Americans have little idea how long-term supports and services are paid for, according to a new poll by Harris Interactive and the medical publishers HealthDay. Yet, they are worried about the cost, believe most people should buy long-term care insurance, and also favor a new government program to pay some or all of the costs of LTC.
It is hard to make much sense of these results, although the public’s confusion in this poll seems consistent with past surveys.
For instance, although Medicaid pays for as much as 60 percent of long-term care costs, only about one in five of those surveyed believe the program is the major payer of these services. One-third think Medicare is the biggest funder, though the program pays for almost no LTC costs. Half think individuals pay the most. In reality, families pay only about one-fifth of the cost of paid services, though of course they do provide the vast bulk of uncompensated care.
When asked who should pay these costs, 29 percent said individuals and their families while 27 percent said the federal government. Interestingly only 9 percent thought state and local governments should pay even though states are already a major payer through their share of Medicaid. Fully one-third said they don’t know who should pay.
Not surprisingly, Republicans were much more likely to say paying for long-term care should be primarily a family responsibility while more Democrats and independents felt government should play some role. Still, only about half of self-identified Republicans said LTC should be primarily an individual responsibility while nearly one-third were not sure.
Only one-third of Democrats said government should pay most LTC costs while 20 percent said it should be a family responsibility. Another third of Democrats, like Republicans, were not sure who should take on this role.
Two-thirds of all respondents felt “most people” should buy long-term care insurance. Unfortunately, the survey did not ask people if they wanted to buy this insurance themselves. Only about 10 percent of Americans own LTC insurance.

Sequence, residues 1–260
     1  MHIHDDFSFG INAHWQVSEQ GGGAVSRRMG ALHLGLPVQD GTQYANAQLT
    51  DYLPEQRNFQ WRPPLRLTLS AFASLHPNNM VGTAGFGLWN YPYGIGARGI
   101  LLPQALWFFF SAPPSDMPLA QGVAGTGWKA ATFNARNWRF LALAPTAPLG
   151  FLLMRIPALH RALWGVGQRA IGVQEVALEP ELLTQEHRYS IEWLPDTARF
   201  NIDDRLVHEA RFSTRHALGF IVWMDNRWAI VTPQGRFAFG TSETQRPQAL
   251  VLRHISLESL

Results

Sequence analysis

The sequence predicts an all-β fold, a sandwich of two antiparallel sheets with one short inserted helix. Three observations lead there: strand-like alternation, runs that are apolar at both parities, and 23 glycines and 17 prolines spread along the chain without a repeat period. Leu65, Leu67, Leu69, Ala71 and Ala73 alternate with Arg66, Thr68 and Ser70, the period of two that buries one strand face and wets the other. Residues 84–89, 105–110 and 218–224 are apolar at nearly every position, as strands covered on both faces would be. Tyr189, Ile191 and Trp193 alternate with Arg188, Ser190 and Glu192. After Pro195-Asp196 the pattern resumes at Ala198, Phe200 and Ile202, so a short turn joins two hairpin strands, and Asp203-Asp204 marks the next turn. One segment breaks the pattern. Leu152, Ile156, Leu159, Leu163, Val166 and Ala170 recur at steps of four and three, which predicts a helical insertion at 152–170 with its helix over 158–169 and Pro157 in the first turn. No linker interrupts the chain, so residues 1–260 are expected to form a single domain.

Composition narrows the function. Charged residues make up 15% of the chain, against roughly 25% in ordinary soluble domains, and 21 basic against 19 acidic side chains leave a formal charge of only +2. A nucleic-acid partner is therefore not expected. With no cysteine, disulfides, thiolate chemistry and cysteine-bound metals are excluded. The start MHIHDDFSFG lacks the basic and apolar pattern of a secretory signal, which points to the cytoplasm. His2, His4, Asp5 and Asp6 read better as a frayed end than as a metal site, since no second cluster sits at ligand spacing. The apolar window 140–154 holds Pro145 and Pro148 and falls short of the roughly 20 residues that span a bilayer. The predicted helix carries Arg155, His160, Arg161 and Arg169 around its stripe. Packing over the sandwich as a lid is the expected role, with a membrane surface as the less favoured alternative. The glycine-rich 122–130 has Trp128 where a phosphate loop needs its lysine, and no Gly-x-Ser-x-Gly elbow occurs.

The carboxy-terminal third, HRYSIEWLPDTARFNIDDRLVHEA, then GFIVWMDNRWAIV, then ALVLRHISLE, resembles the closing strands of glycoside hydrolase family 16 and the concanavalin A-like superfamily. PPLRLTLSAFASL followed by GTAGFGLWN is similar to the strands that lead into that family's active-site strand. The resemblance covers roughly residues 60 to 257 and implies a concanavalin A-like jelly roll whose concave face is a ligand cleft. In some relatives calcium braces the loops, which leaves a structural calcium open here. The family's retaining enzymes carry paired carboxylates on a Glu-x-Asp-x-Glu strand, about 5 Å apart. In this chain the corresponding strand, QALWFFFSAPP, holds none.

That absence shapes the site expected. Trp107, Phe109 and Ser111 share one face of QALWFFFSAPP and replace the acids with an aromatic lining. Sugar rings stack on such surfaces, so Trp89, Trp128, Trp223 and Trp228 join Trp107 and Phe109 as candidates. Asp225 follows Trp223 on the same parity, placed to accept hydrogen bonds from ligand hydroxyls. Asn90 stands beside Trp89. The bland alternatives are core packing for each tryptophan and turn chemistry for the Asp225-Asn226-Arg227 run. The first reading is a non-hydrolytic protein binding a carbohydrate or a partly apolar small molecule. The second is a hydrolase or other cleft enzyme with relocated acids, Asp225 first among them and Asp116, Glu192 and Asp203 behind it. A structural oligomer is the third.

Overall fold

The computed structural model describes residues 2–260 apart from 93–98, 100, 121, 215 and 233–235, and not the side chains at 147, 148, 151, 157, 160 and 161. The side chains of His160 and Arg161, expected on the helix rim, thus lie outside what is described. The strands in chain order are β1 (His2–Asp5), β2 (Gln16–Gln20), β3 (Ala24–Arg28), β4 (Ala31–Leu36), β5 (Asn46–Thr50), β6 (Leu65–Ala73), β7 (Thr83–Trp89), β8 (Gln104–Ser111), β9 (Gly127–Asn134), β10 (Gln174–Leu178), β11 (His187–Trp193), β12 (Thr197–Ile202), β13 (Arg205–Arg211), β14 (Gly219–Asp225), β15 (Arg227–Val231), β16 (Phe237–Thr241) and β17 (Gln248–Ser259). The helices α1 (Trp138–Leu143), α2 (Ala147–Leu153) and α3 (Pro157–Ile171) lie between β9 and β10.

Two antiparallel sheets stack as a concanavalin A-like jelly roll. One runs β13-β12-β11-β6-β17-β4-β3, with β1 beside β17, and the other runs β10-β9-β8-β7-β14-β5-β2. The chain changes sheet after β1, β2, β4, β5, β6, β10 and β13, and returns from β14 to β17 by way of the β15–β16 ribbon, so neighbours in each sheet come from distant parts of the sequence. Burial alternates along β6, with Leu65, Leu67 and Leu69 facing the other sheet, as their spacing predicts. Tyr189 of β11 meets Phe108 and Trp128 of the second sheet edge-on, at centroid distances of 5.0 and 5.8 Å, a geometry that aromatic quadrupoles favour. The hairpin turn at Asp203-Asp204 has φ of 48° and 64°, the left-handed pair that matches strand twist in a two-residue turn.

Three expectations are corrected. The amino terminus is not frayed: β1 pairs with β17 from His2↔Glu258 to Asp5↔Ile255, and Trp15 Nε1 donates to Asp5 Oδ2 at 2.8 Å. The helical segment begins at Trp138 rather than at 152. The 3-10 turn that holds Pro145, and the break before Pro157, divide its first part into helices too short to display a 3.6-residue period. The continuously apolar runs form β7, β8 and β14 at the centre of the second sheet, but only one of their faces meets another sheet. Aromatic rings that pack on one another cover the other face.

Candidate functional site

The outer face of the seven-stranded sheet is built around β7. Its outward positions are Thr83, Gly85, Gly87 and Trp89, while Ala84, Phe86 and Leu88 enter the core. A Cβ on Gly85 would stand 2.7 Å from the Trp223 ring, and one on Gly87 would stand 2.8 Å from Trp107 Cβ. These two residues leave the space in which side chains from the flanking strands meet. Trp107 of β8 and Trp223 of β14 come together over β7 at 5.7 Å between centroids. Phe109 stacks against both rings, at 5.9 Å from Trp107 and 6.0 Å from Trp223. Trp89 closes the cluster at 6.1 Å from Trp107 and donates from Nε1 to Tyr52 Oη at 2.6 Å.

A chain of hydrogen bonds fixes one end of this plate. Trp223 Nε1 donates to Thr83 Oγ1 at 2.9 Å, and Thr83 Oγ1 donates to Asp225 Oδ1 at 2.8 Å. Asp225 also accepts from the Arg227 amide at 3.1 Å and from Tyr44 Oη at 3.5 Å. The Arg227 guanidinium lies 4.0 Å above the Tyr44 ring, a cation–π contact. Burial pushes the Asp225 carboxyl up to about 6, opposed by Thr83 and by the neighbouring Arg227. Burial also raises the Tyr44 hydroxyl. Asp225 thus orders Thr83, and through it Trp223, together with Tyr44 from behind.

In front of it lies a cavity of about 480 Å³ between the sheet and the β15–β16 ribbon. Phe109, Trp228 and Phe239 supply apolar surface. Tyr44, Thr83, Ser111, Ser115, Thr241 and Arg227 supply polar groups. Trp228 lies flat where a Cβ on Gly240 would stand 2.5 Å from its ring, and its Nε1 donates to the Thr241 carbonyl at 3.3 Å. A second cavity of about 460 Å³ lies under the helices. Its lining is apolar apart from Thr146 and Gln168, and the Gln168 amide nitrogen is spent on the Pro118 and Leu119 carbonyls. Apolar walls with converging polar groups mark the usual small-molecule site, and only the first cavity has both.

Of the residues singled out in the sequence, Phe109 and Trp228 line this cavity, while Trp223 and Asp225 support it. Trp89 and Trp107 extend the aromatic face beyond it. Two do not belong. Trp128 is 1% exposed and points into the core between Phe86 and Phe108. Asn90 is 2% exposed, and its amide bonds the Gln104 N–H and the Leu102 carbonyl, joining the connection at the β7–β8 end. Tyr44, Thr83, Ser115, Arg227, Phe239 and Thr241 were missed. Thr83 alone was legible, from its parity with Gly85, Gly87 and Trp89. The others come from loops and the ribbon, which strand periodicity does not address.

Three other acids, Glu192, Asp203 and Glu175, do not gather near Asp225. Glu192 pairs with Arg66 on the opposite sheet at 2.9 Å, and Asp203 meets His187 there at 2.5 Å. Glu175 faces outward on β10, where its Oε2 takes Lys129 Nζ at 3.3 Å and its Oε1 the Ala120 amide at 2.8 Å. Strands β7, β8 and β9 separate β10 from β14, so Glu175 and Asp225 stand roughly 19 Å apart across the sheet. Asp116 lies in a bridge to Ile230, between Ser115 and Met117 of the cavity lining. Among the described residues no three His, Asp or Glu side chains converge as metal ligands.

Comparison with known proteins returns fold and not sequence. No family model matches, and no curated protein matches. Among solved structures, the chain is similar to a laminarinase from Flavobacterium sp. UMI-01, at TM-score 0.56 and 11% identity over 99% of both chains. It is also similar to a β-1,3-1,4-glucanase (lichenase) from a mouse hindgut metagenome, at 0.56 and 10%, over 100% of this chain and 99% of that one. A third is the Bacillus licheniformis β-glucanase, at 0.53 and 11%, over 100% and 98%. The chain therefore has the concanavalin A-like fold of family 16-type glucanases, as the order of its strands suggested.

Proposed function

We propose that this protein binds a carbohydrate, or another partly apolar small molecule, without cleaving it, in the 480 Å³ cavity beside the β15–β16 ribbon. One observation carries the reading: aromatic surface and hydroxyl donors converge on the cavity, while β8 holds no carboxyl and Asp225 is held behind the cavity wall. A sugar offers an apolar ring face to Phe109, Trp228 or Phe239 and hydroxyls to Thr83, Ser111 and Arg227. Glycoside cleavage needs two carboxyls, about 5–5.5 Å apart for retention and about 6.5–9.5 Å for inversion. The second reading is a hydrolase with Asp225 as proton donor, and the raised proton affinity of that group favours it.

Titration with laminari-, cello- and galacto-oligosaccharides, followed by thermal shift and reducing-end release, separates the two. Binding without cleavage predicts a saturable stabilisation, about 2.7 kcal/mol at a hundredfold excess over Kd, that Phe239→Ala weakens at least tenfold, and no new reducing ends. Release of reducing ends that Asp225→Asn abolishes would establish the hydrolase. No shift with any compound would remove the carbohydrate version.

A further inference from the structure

Regardless of political affiliation, respondents overwhelmingly favored a tax break to subsidize the cost of long-term care insurance. More than 80 percent of Democrats and Republicans supported this idea, possibly unaware that most states already have such tax incentives.
Most surprisingly, nearly 70 percent of respondents favored a new government program to pay at least some long-term care costs. Half of Republicans, 80 percent of Democrats, and 68 percent of Independents supported this model.
The survey also asked if people were worried about the cost of long-term supports and services. Overall, 68 percent said they were very or somewhat worried. Women more much more likely to be concerned than men by 74 percent to 61 percent. By age, those least likely to be concerned were 18-24 (not surprising) and those 65 and older (very surprising). Those most likely to worry were aged 40-49.
The Harris survey, of 2,028 adults, was taken in September.
What’s the take-away of all this? Americans recognize that long-term supports and services are a major financial risk, yet they are deeply uncertain about how long-term care is paid for today and what to do about it. And they seem open to some sort of new government program to help, perhaps one that is insurance-based in some way.